CreateDirectory  "$INSTDIR\data_subfolder"    ; make sure the destination folder exists
CopyFiles  "$EXEDIR\..\data\*"  "$INSTDIR\data_subfolder"  ; source -> destination

What is the $EXEDIR?

The $EXEDIR is often used in the CopyFiles command.  $EXEDIR is the path that the user is running the installer executable from.  When the user is installing from a CD, $EXEDIR might be "E:" or "G:\top_folder" When installing from a CD (or DVD) you can use $EXEDIR as a starting point and then use relative paths from it to identify the location of the "outside" files on the CD.

What if I want the user to specify two or three destination folders?

By default, a normal NSIS script will prompt the user to browse and identify a single destination folder, which is refered to as $INSTDIR in your script.  But if you need to prompt the operator to identify multiple destinations then you use the following MUI logic.  Put this logic _after_ the first MUI_PAGE_DIRECTORY line (which is the first GUI prompt for a folder):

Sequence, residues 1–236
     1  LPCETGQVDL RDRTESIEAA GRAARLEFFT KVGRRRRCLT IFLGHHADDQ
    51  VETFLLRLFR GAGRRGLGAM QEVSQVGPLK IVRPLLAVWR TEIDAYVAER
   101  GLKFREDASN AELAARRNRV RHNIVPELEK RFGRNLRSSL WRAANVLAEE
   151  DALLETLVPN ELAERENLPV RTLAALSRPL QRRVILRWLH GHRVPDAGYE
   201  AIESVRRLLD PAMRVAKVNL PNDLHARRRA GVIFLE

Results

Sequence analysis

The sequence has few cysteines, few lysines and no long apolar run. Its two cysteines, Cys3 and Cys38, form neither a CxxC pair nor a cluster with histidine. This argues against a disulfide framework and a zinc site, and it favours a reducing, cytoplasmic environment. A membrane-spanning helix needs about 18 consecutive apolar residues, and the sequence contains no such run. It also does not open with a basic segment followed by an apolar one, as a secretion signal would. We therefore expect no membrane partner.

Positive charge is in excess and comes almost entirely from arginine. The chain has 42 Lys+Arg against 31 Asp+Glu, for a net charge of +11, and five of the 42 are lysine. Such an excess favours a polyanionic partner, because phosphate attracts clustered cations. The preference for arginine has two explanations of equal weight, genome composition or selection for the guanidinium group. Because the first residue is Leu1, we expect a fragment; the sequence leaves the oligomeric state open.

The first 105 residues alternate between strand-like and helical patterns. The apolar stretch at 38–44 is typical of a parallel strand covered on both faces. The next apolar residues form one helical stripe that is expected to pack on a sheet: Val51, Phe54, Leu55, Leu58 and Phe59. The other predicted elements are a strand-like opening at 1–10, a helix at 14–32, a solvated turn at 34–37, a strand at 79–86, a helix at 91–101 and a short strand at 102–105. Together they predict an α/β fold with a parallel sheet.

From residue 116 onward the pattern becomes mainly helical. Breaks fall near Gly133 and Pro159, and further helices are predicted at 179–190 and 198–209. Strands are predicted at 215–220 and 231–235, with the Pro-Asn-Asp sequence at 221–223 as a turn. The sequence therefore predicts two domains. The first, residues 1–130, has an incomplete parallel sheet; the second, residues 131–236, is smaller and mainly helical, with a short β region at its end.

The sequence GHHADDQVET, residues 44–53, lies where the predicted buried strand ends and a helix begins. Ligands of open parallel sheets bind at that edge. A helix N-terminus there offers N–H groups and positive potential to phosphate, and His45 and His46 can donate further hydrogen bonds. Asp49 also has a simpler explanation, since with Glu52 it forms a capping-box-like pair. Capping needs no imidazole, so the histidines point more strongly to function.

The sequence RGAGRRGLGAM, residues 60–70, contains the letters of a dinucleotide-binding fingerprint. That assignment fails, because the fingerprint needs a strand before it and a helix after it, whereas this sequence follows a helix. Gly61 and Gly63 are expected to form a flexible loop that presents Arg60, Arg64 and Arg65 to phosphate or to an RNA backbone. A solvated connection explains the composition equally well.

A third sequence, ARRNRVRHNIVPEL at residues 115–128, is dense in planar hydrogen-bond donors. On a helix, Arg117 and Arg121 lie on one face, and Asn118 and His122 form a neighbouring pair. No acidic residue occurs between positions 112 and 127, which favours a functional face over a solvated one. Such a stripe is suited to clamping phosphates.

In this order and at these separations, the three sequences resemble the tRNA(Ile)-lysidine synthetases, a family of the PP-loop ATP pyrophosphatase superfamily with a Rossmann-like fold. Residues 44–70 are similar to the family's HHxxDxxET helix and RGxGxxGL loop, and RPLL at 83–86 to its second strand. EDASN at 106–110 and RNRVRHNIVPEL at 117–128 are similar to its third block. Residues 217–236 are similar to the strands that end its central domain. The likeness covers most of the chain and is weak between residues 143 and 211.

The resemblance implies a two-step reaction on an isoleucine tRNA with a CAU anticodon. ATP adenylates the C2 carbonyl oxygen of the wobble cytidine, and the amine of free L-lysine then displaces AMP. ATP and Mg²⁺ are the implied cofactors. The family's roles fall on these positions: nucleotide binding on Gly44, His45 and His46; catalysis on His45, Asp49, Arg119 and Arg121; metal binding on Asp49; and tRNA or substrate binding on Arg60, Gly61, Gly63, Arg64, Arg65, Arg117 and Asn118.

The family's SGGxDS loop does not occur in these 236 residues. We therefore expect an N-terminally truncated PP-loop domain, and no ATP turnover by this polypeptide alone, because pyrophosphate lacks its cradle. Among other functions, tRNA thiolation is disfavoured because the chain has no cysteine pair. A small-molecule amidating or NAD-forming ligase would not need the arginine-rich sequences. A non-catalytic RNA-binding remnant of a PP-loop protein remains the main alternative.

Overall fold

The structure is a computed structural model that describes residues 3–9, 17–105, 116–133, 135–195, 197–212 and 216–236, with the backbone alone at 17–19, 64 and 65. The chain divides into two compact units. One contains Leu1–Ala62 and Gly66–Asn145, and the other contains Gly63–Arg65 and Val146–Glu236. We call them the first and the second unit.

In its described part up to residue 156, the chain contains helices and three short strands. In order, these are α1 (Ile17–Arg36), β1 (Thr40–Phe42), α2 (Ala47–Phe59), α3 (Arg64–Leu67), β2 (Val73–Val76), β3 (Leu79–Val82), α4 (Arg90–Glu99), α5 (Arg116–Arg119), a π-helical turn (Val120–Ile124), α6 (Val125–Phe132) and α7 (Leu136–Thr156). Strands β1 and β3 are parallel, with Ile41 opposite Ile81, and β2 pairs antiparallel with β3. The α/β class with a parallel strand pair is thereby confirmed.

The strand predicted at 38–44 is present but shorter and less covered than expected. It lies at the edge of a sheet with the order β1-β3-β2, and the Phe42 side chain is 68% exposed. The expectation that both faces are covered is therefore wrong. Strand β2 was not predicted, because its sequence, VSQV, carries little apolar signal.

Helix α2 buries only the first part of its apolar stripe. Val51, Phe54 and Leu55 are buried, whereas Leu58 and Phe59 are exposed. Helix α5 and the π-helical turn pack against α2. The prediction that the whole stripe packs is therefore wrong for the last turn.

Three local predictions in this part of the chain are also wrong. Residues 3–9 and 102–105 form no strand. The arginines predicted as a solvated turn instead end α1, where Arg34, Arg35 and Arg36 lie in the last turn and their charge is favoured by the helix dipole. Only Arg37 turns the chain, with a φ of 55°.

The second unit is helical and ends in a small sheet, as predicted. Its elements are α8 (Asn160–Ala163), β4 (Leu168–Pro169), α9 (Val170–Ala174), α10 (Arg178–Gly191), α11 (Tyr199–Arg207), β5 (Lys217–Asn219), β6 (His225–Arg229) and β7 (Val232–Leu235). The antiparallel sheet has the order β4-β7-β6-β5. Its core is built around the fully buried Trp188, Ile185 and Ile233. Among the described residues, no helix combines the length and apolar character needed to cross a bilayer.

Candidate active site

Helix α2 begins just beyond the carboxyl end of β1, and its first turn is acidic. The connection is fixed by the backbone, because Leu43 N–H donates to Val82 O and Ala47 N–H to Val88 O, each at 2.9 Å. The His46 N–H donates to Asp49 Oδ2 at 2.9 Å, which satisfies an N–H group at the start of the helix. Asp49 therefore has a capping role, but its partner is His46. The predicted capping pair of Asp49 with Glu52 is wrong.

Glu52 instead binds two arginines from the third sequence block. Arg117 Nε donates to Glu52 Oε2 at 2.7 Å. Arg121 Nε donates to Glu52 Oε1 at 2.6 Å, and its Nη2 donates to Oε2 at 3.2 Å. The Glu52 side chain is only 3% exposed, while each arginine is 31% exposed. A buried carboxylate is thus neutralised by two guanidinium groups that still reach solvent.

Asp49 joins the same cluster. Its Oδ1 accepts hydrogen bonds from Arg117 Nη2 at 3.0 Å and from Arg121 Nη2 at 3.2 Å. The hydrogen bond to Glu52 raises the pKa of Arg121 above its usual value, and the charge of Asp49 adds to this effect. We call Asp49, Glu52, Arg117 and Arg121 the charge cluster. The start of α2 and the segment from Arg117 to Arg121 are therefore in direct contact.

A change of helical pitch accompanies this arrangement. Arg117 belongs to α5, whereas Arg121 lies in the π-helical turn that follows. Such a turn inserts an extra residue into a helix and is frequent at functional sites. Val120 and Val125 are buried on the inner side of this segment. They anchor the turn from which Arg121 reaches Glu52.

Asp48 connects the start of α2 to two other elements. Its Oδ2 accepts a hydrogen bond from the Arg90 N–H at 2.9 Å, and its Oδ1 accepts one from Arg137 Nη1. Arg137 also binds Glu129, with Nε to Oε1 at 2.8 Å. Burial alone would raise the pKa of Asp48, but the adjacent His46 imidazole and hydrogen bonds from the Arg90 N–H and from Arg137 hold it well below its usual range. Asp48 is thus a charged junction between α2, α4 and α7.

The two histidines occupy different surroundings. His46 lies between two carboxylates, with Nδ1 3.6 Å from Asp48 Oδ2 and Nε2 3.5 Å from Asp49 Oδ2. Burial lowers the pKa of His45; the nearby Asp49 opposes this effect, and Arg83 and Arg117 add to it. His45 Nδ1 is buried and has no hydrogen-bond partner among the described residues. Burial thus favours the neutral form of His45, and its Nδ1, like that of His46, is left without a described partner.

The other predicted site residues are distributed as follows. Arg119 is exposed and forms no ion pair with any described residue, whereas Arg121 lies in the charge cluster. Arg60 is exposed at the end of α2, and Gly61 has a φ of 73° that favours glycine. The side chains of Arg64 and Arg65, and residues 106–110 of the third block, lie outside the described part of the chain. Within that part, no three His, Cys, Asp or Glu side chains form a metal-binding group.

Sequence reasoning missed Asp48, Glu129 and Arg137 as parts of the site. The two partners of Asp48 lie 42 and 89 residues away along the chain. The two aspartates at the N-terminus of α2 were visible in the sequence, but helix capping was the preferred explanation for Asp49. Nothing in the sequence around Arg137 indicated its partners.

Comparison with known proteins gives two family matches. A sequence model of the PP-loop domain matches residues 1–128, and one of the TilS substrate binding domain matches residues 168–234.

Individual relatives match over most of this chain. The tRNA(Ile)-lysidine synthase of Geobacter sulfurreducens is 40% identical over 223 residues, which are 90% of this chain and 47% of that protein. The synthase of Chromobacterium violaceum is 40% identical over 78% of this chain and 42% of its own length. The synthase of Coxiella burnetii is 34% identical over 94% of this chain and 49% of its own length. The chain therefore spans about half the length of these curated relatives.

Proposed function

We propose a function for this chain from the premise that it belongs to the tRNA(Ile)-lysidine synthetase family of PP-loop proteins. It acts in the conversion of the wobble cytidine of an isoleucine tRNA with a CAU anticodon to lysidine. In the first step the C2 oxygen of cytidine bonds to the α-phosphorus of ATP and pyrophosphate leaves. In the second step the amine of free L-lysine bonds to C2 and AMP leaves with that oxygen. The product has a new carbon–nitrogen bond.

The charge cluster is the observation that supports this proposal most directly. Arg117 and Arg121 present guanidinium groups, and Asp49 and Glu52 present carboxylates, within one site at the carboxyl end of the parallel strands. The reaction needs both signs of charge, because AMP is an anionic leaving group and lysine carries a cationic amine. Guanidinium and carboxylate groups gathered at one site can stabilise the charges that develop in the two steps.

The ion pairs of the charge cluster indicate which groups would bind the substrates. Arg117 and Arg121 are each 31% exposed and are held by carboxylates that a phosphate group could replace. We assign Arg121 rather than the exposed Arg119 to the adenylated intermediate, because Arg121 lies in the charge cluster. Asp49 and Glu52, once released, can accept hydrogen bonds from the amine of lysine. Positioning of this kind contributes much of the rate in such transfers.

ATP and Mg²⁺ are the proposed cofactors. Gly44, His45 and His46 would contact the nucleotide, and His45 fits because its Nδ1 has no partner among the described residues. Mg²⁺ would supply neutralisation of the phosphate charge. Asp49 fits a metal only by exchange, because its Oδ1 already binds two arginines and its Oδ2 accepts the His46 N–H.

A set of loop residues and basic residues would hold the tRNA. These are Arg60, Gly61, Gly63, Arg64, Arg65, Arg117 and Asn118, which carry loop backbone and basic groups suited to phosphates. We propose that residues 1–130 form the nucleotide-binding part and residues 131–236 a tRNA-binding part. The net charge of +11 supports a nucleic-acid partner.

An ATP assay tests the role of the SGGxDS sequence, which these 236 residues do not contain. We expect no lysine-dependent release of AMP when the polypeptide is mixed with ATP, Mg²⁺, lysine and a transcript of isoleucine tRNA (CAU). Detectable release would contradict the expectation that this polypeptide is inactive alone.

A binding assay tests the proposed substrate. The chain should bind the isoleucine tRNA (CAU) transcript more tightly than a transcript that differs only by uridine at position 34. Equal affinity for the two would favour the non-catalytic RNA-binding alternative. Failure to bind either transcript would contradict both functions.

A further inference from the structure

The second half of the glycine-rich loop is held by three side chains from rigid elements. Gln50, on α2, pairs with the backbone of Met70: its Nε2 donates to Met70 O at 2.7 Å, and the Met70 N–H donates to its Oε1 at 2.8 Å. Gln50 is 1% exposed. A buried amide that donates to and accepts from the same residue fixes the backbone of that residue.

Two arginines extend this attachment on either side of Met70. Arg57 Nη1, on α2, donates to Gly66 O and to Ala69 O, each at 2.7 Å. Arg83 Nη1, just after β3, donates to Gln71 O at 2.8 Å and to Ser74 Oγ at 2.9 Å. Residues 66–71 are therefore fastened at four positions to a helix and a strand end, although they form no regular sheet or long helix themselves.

!define MUI_DIRECTORYPAGE_VARIABLE          $ALTERNATIVE_FOLDER   ;selected by user
!insertmacro MUI_PAGE_DIRECTORY  ; this pops-up the GUI page
Function .onInit
    StrCpy $ALTERNATIVE_GUI_TITLE "Select a folder for ALTERNATIVE"

In the example above, this will pop-up a second window asking the user to browse and identify a folder.  The folder selected by the user will be stored in $ALTERNATIVE_FOLDER (in the example above) and your script can then ouput files there such as:

File  "C:\Program Files\Alternative Application\*"


You'll find information on how to build NSIS scripts at the following places:

Good stuff: